I heard peacocks in several areas but it was Nancy Leung, with her superior camera, who caught sight of this one near the Birla Temple in Jaipur.peacock Nancy

Her camera also captured these parrots at the Taj Mahal.parrots Nancy

The bus also reacted with enthusiasm when we noticed our first camel.  camels-NancyThe area west of Jaipur is desert so there were more in that region that further east, but we noticed them working everywhere.DSCF6473

And the elephants!!! elephants-NancyWe got to ride some up the hill at the Amber Fort (more on that later) in Jaipur, but that is a nice touch at a tourist area. elephants-NancybGovernment regulations limit the elephants to four trips up the hill per day.elephants-Nancyc The handlers then ride them into town to find other locations where tourists might want a short ride or photo opportunity. DSCF6424We saw most elephants just as a part of everyday working life along the roadways.wind palacecb


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Hindu Temple Visit

An optional tour one evening in Jaipur, enjoyed by about half the SmarTours group, was to the Birla Hindu temple built a few years ago by a well-to-d0 family.nancyb Designed to show how Hinduism encompasses both Islam and Buddhism with their symbolic rooflines, the white marble structure is surrounded with a white plaza. Dedicated to Lord Vishnu and Goddess Lakshmi, Arvind told us the ceremony we would witness takes place after sundown.DSCF6463 It usually takes about 10 minutes and includes a chant that is repeated several times. Arvind did warn us that the chanting could go on for a half hour or even longer, but it was a short ceremony after all.

He told us that symbolically he leaves his troubles outside on the steps leading up to the entrance, to be picked up again upon exiting. He told us that the chanting makes him feel very calm.

Arvind made sure we were positioned at the very front of the open room. People filed in behind us and what happened next was interesting.  As soon as the curtains opened and the ceremony began, the crowd pushed forward, as if eager to be as close as possible.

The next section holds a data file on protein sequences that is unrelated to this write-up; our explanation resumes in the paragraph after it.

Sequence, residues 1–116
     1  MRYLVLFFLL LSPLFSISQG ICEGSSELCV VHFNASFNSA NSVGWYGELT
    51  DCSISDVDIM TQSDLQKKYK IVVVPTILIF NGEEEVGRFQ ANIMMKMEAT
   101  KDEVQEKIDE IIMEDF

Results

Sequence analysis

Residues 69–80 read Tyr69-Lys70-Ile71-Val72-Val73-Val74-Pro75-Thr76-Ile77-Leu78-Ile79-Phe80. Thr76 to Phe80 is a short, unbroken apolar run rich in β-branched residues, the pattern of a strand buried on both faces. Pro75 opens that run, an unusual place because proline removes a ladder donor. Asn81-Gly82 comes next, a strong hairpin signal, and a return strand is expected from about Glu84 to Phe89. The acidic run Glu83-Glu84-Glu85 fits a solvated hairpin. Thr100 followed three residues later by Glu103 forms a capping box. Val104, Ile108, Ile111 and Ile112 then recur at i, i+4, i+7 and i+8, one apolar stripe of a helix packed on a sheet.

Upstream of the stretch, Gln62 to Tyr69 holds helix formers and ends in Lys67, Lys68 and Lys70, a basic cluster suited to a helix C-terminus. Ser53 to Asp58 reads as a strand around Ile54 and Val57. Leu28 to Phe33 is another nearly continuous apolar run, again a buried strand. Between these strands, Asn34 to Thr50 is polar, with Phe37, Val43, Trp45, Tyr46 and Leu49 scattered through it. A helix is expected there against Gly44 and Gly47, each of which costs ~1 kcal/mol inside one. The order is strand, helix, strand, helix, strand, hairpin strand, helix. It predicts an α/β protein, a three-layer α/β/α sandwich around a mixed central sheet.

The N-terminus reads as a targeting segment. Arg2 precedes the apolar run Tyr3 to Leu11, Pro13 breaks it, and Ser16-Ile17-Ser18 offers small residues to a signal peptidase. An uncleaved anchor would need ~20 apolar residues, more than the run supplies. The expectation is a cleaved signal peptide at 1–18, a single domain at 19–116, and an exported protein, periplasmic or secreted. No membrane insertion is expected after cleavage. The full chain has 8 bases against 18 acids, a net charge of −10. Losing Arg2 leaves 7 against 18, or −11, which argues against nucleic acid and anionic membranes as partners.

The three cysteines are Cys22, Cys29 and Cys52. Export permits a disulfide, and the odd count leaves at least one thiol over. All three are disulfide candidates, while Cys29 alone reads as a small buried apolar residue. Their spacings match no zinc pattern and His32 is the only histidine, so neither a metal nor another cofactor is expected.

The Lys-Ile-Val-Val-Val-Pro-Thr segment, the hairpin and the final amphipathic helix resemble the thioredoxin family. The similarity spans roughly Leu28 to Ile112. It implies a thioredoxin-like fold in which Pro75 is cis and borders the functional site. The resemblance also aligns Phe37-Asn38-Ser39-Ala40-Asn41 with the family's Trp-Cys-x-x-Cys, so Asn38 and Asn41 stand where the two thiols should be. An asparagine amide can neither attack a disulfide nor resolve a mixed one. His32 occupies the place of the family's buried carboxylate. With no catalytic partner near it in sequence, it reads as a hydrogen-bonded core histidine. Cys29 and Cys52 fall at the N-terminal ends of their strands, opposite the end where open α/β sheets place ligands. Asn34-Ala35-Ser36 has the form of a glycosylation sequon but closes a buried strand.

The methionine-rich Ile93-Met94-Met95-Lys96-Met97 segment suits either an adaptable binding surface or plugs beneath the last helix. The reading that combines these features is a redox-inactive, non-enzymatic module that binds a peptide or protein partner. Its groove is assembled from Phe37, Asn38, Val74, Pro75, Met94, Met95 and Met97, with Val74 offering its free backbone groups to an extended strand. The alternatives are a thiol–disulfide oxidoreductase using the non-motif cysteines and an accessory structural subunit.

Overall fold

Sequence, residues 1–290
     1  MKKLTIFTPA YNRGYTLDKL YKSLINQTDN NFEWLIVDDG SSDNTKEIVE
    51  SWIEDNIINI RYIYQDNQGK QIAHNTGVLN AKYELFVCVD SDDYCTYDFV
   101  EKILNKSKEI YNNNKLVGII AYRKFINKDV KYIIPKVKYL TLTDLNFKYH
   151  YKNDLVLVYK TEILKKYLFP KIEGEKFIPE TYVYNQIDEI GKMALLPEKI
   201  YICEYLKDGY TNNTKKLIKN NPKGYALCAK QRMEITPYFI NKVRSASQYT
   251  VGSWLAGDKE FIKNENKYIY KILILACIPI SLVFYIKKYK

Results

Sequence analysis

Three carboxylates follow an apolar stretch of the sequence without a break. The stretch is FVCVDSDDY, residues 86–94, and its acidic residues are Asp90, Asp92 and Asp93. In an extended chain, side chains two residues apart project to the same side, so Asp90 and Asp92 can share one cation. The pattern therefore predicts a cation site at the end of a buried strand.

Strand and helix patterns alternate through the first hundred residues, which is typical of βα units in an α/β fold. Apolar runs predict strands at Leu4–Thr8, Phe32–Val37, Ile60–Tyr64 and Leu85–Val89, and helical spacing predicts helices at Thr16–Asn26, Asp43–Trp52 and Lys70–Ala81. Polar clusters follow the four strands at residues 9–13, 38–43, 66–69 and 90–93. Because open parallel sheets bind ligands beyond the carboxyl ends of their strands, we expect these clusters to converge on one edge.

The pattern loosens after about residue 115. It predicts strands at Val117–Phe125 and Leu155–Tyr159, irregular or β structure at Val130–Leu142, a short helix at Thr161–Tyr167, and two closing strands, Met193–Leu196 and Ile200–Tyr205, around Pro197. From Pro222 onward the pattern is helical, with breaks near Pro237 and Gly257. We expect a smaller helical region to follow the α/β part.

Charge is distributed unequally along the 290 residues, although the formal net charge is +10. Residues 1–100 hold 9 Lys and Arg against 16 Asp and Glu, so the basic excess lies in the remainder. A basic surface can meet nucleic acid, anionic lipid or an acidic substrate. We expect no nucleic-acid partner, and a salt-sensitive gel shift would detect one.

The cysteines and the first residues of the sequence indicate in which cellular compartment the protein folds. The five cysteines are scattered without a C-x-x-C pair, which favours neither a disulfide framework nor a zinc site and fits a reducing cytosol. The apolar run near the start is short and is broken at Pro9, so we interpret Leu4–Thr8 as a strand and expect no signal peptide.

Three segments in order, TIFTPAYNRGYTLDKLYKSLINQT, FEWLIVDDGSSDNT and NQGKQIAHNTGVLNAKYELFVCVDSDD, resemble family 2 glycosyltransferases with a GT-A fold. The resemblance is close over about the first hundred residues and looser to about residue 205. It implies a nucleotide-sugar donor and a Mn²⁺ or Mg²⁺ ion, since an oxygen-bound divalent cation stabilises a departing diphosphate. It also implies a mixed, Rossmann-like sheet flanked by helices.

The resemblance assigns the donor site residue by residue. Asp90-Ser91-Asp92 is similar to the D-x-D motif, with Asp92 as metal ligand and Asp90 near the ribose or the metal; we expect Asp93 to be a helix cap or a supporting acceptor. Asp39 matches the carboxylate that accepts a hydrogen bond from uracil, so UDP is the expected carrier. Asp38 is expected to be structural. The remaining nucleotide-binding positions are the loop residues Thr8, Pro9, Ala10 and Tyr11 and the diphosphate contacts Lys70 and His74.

source: Lisa Garmat after the ceremony and people left the temple, from outside

source: Lisa Garmat after the ceremony and people left the temple, from outside

The ceremony actually began when the curtains were still closed. The priests sounded a conch shell, and the tones reminded my of the shofar blown in a Jewish Temple at the High Holy Days of Rosh Hashana and Yom Kipur. The curtains opened and before us were two statutes of Vishnu and Lakshmi, beautifully dressed in bright colors. The chanting began, one priest ringing some bells, as done in the Episcopal mass to draw attention to an important  prayer, and the other priest slowly making a circular motion with a candelabra. Candles are lit in Christianity and Judaism as well.

In a few minutes, the chanting ended, the curtains remained open. The crowd circled around behind the curtained area to receive a blessing from the priests in the form of a spicy sweet mixture to eat, one more symbolic similarity to Christianity.nancya

Once again, we are more alike than different. Love one another.


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Leadership Issues

He is running the treasury down, supporting a pet project, spending way too much money on that instead of running the government and taking care of the programs that will help the people.

Sound familiar?

Well, I think this proves it is a perennial issue with leaders because specifically, I am talking about the Emperor Akbar (1556-1605).   As for the Emperor, there was no room for discussion in that kind of government; what he decided was done, regardless of cost.  At least we have a voice, no matter how much it may seem to be muzzled at times.

Fatehpur Sikri, the “City of Victory”, sits 35 kilometers from Agra on a low hill of the Vindhya mountain range. Before Akbar, the site of the future city had already been the site of an important battle won by Akbar’s grandfather.  In gratitude he named the area Shukri, which means “thanks”. In Akbar’s time the site was occupied by a small village of stonecutters and was the home of Shaikh Salim Chishti, a Muslim astrologer and Sufi Saint.DSCF6236

In 1568 Akbar visited the Shaikh to ask for the birth of an heir which was promised soon. Sure enough, Akbar’s wife gave birth to a boy on August 30, 1569. In gratitude, Akbar named the boy Salim after the astrologer, and, two years later decided to move the capital there.DSCF6220

As a strategic location protecting inland routes, Fatehpur Sikri was completed in 1573 but served as the seat of government for only ten years.

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The first planned cities of the Moghuls,  the throne room has an intricate carved red stone platform.  DSCF6227

 

 

 

 

 

 

Although only the palace and mosque sections of the expansive city remain, the architectural details throughout the complex are eye catching.

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The city has a series of rain water channels and large pools to capture any precipitation.DSCF6224DSCF6235 pool NancyHowever, it turned out there was not enough water available in the area to support the court and all the services it needed there. The Emperor was soon distracted by an invasion of Afghans to the north and the Mughal capital was moved to Delhi in 1586.

Excavations of the ancient city started in 1892 and it was declared a UNESCO World Heritage Site in 1986. Today the buildings and grounds that are preserved are a small portion of the extensive city that existed in 1585.